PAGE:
The Corner

Important Lessons in the Outrageous Response to Betsy DeVos

In one sense, Betsy DeVos seems like an odd target for unrelenting, condescending vitriol. Christians like DeVos are constantly being told that they would be far more loved and respected if they poured their time and money into helping the most vulnerable members of society. That’s exactly what DeVos did. Rather than merely enjoying her billions and donating money to fashionable causes, she poured money, time, and energy into education reform — with a particular focus on the least economically advantaged. She became an expert in her field, directly participated in some of the most important reform efforts in the United States, and did what everyone says Christians should do — focused on serving the poor.

And now she’s a hate object in parts of the Left. Why? My colleague Kevin Williamson is right — part of it is the simple fact that the teachers’ unions oppose DeVos, and in Democratic politics the teachers’ unions get what they want. I had to laugh at the Democratic memes on Twitter implying that DeVos bought her confirmation votes with campaign contributions. But DeVos’s contributions are a drop in the ocean compared to the financial impact of the teacher’s unions in American politics. In 2016 alone, teachers’ unions gave $33.2 million in political contributions, 93 percent to Democrats. DeVos’s contributions — even if you include contributions from her entire family — are inconsequential by comparison. Who’s buying whom?

But it’s about so much more than money. The public educational system is indispensable to leftist cultural power in the United States. As a practical matter, if your child goes to public schools from kindergarten through college, they are (with some exceptions) educated by the Left. Yes, there are conservative teachers here and there (especially in conservative towns), but they work in a system designed, built, and maintained by the other side of our great ideological divide. Moreover, given the public school monopoly in town after town, parents often have little choice but to expose their kids to public school morality, (often) public school incompetence, and public school ideology for seventeen consecutive years. It’s simply naive to believe this reality doesn’t carry with it profound cultural and political consequences.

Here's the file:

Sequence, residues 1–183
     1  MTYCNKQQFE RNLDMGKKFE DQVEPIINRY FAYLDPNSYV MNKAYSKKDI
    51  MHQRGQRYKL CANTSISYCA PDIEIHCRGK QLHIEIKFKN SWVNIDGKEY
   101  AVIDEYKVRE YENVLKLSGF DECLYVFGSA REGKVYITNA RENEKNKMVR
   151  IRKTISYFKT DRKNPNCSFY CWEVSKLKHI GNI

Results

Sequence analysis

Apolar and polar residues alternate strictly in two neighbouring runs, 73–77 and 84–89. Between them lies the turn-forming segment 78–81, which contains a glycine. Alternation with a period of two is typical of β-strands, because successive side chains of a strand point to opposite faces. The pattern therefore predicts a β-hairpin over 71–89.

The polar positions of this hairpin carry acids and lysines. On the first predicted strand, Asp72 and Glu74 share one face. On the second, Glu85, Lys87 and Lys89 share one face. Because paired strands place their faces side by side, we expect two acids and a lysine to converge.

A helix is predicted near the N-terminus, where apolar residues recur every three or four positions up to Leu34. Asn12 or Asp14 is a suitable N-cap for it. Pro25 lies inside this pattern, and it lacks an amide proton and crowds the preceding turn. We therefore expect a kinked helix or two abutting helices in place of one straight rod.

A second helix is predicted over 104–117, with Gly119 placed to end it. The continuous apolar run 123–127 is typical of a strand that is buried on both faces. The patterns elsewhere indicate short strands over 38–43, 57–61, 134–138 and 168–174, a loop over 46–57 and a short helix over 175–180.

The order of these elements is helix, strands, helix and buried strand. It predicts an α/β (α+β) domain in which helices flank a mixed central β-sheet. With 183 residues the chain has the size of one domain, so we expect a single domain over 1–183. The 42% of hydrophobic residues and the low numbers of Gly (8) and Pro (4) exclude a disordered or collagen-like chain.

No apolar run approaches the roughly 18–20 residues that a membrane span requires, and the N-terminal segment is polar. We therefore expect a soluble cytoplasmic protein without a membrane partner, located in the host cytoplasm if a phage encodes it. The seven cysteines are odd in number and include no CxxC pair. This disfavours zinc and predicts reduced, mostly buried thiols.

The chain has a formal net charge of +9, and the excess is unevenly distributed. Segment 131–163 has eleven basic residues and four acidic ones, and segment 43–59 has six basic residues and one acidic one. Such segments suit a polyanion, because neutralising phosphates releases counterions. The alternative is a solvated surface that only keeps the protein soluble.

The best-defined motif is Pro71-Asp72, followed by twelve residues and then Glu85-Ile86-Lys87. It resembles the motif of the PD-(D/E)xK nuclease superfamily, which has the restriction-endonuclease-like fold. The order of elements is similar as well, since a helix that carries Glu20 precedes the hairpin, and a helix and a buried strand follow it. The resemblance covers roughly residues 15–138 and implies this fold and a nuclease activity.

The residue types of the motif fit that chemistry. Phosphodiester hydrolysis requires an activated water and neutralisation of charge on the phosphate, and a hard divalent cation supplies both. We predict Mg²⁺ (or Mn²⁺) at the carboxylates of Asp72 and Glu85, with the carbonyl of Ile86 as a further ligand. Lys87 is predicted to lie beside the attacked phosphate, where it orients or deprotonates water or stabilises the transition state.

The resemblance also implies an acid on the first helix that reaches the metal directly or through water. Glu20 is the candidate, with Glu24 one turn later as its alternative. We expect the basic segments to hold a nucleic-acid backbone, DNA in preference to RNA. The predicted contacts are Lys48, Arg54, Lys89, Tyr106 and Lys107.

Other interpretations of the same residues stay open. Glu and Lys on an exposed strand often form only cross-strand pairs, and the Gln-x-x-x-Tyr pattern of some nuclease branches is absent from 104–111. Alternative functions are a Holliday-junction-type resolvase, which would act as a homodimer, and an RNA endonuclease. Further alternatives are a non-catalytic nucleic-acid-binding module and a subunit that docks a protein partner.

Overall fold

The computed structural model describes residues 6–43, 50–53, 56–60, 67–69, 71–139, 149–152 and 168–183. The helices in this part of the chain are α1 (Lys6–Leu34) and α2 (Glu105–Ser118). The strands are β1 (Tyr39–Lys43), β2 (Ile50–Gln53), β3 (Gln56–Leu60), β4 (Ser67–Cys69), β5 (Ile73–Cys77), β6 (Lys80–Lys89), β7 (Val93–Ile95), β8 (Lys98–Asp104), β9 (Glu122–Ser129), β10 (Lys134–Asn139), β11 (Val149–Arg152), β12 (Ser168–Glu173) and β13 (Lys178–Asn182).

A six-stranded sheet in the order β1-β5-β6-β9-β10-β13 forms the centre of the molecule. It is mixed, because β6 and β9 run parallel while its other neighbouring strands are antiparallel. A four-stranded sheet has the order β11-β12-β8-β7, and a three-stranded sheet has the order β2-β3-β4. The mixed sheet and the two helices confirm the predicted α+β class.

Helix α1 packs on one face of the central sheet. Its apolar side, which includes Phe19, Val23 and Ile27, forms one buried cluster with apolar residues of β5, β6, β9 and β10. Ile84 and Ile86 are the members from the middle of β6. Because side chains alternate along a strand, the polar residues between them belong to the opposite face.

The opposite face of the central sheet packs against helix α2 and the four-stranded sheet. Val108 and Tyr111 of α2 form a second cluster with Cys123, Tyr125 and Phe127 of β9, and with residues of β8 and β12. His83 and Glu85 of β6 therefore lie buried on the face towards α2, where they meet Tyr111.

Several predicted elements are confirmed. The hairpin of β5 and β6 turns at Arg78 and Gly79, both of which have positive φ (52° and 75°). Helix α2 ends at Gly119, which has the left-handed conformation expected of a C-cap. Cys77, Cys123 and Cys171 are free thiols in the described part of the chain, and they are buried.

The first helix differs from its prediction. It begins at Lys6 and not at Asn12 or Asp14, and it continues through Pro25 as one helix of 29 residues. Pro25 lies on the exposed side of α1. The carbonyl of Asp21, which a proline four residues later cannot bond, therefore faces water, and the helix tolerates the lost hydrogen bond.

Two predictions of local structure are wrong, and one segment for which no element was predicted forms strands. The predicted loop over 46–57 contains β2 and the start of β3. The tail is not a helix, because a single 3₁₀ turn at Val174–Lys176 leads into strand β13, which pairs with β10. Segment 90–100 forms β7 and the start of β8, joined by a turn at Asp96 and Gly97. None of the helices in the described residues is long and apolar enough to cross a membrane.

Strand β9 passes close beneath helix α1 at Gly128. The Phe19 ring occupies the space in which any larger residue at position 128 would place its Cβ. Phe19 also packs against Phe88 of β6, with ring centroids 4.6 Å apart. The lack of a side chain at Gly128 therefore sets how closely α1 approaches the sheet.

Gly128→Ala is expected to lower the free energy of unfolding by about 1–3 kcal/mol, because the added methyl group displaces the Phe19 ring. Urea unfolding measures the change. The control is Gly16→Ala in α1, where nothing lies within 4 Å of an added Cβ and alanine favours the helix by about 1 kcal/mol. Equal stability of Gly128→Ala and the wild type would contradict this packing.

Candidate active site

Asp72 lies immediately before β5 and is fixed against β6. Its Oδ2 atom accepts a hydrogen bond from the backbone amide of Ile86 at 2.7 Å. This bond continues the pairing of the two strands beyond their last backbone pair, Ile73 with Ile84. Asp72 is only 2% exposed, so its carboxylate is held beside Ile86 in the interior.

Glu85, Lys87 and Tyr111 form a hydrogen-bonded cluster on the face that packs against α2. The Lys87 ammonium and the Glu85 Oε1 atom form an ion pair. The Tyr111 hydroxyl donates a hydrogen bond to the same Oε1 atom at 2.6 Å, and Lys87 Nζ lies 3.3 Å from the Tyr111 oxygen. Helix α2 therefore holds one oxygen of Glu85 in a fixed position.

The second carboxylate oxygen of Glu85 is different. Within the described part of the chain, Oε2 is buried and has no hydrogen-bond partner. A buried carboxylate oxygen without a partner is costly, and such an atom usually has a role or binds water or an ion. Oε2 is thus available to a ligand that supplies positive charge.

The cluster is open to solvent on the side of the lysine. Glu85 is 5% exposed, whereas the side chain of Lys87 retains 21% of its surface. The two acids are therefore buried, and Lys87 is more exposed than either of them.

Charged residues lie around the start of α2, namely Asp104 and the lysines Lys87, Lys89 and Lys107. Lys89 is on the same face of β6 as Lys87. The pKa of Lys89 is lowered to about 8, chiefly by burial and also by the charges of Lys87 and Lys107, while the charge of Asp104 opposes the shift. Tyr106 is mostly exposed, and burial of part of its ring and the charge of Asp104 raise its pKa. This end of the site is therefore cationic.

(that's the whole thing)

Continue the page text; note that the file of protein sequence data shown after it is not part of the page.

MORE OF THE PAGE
Finally, you can never forget the extent to which large numbers of secular progressives simply hate DeVos’s brand of Christianity. The idea that even a dime of taxpayer funds (through school choice) would go to a single Christian school is abhorrent to them, and they’d prefer that such schools vanish from the face of the earth. These ideologues want to control public education, they want to use public education to inculcate secular progressive values, and they want public education to be freed from any meaningful competition. DeVos opposes all those goals, so her desire to help poor kids, her millions of dollars in philanthropy, and thousands of hours of work weren’t even deemed worthy of respect. The lesson here is clear: If you’re a religious conservative, the only way to be “good” enough to earn the respect of radicals is to change your beliefs. 


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